Few state agencies in South Carolina can claim to have such an important role to play in preparing our state’s next leaders as our educational system can. Our schools provide the basis in which we ready our youth to enter the workforce and chase after the American Dream we care so deeply about. We have many priorities, but few outweigh the importance and significance of the educational system we promote and fund.

Unfortunately, we are at a time when funding and support for our higher educational system is at an all-time low. Just two years ago, the College of Charleston claimed nearly 17 percent of its budget from state appropriations. Today, that number is 8 percent and falling. This trend is commonplace throughout South Carolina as state funding remains well below the regional average. These are troubling trends for students in South Carolina, as less state funding directly results in schools being forced to implement higher tuition levels to ensure the continued quality of their institutions.

This is why students across the state came together last week in Columbia on the steps of the Statehouse for a Rally for Higher Education. Speaking about the importance of higher education and offering suggestions on how to balance our state’s budget without adversely affecting our colleges, the student body presidents from the University of South Carolina and Clemson University joined me in declaring our support for our schools and the future of our state.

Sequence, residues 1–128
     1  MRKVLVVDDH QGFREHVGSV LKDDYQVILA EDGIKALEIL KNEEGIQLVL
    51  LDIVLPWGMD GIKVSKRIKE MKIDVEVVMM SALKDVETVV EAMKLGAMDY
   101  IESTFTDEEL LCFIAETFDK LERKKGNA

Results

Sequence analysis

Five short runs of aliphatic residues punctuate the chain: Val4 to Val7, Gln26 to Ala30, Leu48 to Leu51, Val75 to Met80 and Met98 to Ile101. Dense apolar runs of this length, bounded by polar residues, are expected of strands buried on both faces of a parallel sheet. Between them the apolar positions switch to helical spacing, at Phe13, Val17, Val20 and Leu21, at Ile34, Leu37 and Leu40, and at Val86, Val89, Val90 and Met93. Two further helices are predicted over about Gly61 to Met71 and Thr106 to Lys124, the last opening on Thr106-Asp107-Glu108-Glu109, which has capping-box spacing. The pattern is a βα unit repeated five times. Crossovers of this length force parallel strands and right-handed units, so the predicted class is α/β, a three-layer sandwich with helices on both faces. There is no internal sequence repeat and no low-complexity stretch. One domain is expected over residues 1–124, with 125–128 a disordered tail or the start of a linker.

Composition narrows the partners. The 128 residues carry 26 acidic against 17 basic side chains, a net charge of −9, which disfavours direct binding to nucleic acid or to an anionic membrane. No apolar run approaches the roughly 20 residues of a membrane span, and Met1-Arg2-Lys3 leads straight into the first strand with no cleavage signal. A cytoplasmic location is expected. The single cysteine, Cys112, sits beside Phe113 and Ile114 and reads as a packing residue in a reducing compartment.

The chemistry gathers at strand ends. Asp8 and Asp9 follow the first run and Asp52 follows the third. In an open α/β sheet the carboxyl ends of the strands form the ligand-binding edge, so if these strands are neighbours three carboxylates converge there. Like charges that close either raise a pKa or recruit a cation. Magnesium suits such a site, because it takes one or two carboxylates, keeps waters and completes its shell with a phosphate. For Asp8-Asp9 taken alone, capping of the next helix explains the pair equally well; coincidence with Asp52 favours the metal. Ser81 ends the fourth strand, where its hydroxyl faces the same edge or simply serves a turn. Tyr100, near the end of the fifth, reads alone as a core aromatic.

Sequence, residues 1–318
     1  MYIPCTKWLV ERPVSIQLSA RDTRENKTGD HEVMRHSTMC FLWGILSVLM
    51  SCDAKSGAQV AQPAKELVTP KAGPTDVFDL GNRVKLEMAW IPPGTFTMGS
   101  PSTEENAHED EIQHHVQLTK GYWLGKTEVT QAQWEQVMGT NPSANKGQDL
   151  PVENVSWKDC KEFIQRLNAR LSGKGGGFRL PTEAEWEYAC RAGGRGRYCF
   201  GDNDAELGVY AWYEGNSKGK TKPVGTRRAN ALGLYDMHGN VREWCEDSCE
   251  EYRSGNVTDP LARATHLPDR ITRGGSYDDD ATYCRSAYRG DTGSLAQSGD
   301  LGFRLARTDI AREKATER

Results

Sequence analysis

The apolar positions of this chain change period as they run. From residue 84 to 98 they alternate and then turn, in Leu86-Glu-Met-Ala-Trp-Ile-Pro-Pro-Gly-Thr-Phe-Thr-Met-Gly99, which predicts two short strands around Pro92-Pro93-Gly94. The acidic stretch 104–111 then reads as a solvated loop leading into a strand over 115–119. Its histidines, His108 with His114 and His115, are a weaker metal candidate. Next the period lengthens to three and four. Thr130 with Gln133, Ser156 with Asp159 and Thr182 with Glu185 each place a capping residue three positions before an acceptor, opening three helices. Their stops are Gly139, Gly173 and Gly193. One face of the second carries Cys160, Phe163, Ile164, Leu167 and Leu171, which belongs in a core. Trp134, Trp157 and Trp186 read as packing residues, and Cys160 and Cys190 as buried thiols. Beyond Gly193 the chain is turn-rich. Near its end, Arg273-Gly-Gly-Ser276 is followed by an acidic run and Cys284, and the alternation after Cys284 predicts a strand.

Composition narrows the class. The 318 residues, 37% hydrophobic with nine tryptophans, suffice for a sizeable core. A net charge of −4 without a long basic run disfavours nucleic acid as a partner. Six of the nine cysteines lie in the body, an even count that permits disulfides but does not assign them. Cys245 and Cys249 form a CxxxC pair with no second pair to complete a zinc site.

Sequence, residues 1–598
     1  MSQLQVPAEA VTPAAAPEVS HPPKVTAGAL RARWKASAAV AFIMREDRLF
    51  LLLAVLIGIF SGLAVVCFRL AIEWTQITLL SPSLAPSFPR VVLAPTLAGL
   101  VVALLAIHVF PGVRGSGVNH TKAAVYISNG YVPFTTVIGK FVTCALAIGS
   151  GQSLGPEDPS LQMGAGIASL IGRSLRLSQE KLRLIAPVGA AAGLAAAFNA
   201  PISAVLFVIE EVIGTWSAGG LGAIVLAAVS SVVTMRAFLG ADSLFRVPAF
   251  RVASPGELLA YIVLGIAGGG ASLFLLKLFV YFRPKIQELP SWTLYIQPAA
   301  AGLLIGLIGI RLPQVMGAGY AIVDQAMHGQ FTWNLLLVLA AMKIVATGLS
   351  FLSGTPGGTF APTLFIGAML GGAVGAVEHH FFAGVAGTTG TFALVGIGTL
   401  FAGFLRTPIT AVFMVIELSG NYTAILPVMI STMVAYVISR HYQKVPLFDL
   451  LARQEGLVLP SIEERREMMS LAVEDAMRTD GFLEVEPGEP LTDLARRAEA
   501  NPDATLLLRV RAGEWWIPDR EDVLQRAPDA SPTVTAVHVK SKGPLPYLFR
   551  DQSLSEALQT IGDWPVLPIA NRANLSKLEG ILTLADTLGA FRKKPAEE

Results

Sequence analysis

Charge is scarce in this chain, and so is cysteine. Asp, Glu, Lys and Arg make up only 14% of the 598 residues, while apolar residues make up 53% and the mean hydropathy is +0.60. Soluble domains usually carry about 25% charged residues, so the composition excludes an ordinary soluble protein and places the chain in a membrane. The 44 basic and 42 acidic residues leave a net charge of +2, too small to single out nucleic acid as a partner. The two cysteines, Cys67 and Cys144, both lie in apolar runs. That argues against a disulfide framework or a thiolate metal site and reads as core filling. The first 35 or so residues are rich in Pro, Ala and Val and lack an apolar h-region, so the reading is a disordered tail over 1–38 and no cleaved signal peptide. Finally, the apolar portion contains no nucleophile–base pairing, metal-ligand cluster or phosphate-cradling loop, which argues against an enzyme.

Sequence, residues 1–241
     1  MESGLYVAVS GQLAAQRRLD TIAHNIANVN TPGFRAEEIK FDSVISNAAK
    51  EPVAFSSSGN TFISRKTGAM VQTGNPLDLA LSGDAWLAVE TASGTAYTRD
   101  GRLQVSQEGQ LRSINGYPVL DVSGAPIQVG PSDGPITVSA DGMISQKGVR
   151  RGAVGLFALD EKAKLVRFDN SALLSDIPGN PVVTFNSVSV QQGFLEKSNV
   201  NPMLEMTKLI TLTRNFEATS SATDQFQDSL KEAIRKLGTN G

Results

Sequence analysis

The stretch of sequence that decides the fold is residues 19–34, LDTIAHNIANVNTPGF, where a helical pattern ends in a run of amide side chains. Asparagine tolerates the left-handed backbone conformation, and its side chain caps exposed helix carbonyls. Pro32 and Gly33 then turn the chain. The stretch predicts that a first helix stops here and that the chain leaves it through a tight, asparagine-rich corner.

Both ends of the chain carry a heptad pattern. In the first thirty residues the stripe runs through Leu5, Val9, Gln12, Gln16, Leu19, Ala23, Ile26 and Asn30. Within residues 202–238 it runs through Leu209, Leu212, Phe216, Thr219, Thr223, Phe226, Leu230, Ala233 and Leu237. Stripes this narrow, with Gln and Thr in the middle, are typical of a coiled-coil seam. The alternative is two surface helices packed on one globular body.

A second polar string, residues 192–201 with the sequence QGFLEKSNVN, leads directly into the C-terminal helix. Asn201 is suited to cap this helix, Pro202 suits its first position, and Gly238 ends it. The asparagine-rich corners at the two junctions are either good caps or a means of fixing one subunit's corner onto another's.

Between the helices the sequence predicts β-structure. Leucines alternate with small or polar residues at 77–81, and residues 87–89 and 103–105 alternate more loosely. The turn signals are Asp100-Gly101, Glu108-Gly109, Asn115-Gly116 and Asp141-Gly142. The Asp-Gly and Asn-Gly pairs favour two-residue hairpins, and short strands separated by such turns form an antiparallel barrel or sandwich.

As we move forward, we understand that funding to higher education will be cut, but, more importantly, we also understand the urgency of making cuts to education that are reflective of other cuts across the state. This is not the time to balance the budget on the backs of our colleges and universities.

We recognize that education needs to be part of the solution, but not the entire solution to our state’s budgetary shortfalls. We are all ready to make sacrifices for the common good, but as students we have great concerns about proposals that would use our tuition dollars directly to fix the deficit. The “other funds” bill that currently is in the Senate aims to use the tuition and fee funds that our colleges depend on so dearly to balance the state’s budget. In this, we would only be finding a short-term solution for a deeply rooted issue in our fiscal policies, while in reality we need to find a long-term solution to fix our state. This proposal is not only irresponsible, but it is fiscally reckless. Tangible decisions need to be made that will address the underlying roots of this budget shortfall, and using tuition dollars to temporarily balance the budget is not one of them.

Finally, we ask South Carolina to allow universities to have the freedom they need to make decisions on their own accord and in a timely manner. The high regulatory climate in our state prevents our universities from providing efficient services to students and adds significant costs as we spend too long navigating the red tape of Columbia. We not only urge our lawmakers to provide regulatory relief to our schools, but also to simultaneously pass transparency bills to allow our taxpayers to know how their money is being spent. Both measures will allow for stronger schools that are more responsive to the needs of the students and taxpayers of this state.

As South Carolina moves forward with its budgeting process in the coming months, it is important that the cornerstone of our state is not used to balance this budget. We have too much at stake to risk losing quality and affordable state institutions of higher learning. We should come together as a statewide community of students to request that our legislature acts in friendly and responsible ways to our colleges and to keep our state and people moving forward.

Isaiah Nelson is the student body president of the College of Charleston.